ivLT.plot: Plot Laplace Transform inversion In invLT: Inversion of Laplace-Transformed Functions

Description

Plots the results of a Laplace Transform inversion at multiple time values.

Usage

 1 2 ivLT.plot(L.FUN, METHOD = iv.opC, tPts = seq(-2, 5, 0.1), nterms = 100, ...)

Arguments

 L.FUN the Laplace-Transformed function METHOD inversion algorithm to use (iv.opC, iv.opChalf or iv.BrC) tPts time points at which to plot nterms number of terms to use in the numerical inversion (odd number safest for iv.opC, even for iv.opChalf) ... graphical parameters for plot

Details

This function is useful for investigating the performance of a Laplace Transform inversion over a range of time values. Use for example with the LT functions provided in with this package (invLT).

Examples

 1 2 3 4 5 6 ivLT.plot(L.tsq, iv.opC, nterms = 31L) ivLT.plot(L.tsq, iv.opC, nterms = 1000L) ivLT.plot(L.tsq, iv.opChalf, nterms = 16L) ivLT.plot(L.tsq, iv.opChalf, nterms = 1000L) ivLT.plot(L.tsq, iv.BrC, nterms = 31L) ivLT.plot(L.tsq, iv.BrC, nterms = 1000L)

Example output

Numerical Laplace Transform inversion functions successfully sourced.
Optimum contour integration ref. Evans & Chung, 2000: Laplace transform inversions using optimal contours in the complex plane; International Journal of Computer Mathematics v73 pp531-543.:
iv.opC(L.FUN, t, nterms = 30L, m=1, fail.val = NA){
iv.opC2(L.FUN, t, nterms = 30L, m=1, fail.val = NA){
L.FUN: Laplace Transformed function to be inverted
t: untransformed domain co-ordinate value (typically time) at which to evaluate
nterms: number of terms with which to evaluate the inversion
m: "width" of the contour of integration - smaller values avoid the large oscillations at the right hand side of the Argand diagram, but are more likely to interact with singlurities on the real axis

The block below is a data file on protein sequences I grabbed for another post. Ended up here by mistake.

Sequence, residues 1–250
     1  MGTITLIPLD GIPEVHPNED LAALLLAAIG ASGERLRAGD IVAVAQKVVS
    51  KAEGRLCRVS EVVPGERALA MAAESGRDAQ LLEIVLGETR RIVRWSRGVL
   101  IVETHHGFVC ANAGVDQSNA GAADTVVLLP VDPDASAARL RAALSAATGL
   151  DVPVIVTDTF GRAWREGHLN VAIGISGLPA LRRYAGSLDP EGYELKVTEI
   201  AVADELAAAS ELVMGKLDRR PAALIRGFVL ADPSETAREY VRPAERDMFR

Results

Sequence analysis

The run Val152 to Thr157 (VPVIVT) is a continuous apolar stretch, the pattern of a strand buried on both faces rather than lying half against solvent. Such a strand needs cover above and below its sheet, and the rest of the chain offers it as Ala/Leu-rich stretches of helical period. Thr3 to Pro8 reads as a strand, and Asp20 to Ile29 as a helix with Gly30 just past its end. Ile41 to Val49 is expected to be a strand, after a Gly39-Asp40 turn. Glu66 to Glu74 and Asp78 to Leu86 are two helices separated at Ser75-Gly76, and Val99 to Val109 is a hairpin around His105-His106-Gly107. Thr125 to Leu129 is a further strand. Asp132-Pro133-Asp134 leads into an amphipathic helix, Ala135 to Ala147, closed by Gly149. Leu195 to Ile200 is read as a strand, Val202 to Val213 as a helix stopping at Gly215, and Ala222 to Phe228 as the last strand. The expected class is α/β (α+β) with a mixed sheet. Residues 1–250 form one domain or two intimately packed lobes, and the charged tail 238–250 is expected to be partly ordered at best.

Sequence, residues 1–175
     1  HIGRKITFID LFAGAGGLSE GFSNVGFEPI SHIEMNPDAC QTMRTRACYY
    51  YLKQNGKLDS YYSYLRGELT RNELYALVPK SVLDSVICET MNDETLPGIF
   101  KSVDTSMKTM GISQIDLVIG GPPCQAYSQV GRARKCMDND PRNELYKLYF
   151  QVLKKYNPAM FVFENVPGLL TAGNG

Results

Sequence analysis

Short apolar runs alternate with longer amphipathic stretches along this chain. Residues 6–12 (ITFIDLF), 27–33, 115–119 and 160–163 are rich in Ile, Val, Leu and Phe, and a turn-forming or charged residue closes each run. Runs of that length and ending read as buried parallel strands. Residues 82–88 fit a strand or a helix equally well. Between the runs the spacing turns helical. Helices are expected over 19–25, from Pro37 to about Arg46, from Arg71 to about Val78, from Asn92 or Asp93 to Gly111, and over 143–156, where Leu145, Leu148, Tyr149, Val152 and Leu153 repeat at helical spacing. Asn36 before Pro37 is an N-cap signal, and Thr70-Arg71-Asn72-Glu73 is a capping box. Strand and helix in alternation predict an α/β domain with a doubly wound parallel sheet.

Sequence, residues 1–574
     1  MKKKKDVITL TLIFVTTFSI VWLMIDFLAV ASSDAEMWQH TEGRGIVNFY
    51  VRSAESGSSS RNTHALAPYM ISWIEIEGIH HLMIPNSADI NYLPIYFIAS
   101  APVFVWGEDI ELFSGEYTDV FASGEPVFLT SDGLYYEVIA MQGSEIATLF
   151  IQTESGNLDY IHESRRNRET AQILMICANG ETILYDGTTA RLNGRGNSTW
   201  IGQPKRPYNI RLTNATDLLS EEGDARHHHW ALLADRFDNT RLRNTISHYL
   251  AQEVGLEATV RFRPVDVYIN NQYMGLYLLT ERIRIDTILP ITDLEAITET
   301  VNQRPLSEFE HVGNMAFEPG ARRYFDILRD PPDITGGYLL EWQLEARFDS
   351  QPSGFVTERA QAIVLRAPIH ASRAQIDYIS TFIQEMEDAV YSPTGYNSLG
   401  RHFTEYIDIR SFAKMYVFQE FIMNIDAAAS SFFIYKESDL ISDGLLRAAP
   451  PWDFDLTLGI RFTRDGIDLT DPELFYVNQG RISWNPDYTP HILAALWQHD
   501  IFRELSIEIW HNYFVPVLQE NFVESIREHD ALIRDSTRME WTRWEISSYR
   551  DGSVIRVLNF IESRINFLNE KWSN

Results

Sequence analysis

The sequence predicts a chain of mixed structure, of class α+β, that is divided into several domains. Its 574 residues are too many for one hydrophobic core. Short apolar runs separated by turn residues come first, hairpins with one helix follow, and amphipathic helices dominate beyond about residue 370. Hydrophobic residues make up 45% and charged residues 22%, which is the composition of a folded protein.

for further details on m, see E&C 2000, or simply experiment
fail.val: after 10 attempts, increasing m and nterms, if the inversion still produces non-finite results, the function gives up and returns this value

iv.opC2 only uses half of the contour and therefore nterms can be half the size for the same accuracy: valid if Re(L.FUN) is symmetric about the real axis

Bromwich contour integration:
iv.BrC(L.FUN, t, nterms=1000, gamma=1)
gamma: distance of contour to right of imaginary axis

The Bromwich Contour is very unstable; it is included mainly for comparison.  The definition of the inverse Laplace Transform is usually expressed with the Bromwich Contour, even though its numerical implementation is impractical.

Tools:
ivLT.plot(L.FUN, METHOD = iv.opC, tPts = seq(-2,5,.1), nterms = 100, ...)
METHOD: iv.opC, iv.opC2 or iv.BrC
tPts: points at which to plot time
...: parameters to pass to plot
some transformed functions for which there are analytical inverses:
L.t <- function(p){1/p^2}: LT of t^1
L.tsq <- function(p){2/p^3}: LT of t^2
L.exp <- function(p){1/(p+1)}: LT of exp(-t)
L.cos <- function(p){p/(p^2 + 1)}: LT of cos(t)
L.sin <- function(p){1/(p^2 + 1)}: LT of sin(t)
L.H <- function(p){exp(-p)/p}: LT of H(t - 1), the Heaviside unit function stepping at t = 1

invLT documentation built on May 2, 2019, 3:43 p.m.